Bond market rallies have been highly correlated to metals rallies this year, at least for over the short term. So follow the sparkly stuff along with a bond rally into August. Lower rates will be price positive the metals. Use $1,265-$1,275 as your pivot for gold going forward. For silver use $19.70.
Copper (CU) is a bit of a conundrum, as it is stuck, in the middle of one-year range, so don?t chase recent rally. Use $2.95 as the pivot there. It?s not going anywhere until China decides what to do with its economy.
Don?t buy into the upside breakout school of thought for oil (USO) until we close over 104.70-105.30 (last qtr’s high). That?s where you can count on the buy stops to kick in. At the current $102, we are firmly in bear territory. Talk to Jim when oil breaks this quarter?s resistance and upside momentum level at 107.50.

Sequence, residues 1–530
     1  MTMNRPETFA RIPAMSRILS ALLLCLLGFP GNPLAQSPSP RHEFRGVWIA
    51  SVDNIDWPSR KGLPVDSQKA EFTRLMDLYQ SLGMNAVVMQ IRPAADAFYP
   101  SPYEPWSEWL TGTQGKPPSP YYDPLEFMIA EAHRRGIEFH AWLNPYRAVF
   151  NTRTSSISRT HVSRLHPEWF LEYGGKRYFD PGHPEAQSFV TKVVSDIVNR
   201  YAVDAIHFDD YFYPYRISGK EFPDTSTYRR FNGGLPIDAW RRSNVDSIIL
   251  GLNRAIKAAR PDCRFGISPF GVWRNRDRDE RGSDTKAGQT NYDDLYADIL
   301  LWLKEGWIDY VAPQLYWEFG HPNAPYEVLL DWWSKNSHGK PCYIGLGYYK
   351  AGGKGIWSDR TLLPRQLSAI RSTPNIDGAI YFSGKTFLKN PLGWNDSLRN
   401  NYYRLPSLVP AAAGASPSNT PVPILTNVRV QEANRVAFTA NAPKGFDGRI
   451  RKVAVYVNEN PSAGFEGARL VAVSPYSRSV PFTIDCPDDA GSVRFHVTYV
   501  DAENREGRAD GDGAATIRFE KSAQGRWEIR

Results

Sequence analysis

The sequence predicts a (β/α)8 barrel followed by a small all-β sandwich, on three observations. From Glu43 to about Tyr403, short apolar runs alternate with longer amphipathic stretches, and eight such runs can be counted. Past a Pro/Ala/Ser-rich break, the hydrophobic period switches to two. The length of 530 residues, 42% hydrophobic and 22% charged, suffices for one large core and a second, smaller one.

Infrastructures plays are still the best way to participate in any move in the natural gas (UNG) market. At the top of the list is Mad Hedge Fund Trader long time favorite, Cheniere Energy (LNG), up from $6 to $74.??(LNG) should be on your shopping list on any big equity index sell-off.?This week may see a low, and then a substantial rally when July futures expire.
Agricultural commodities (CORN), (SOYB), (WEAT), (DBA) have been the major disaster area of 2014, thanks to the best growing conditions in history. Not only has the weather been perfect, the US Department of Agriculture keeps ?finding? new stockpiles. Conditions have been improving in major export markets abroad, as well.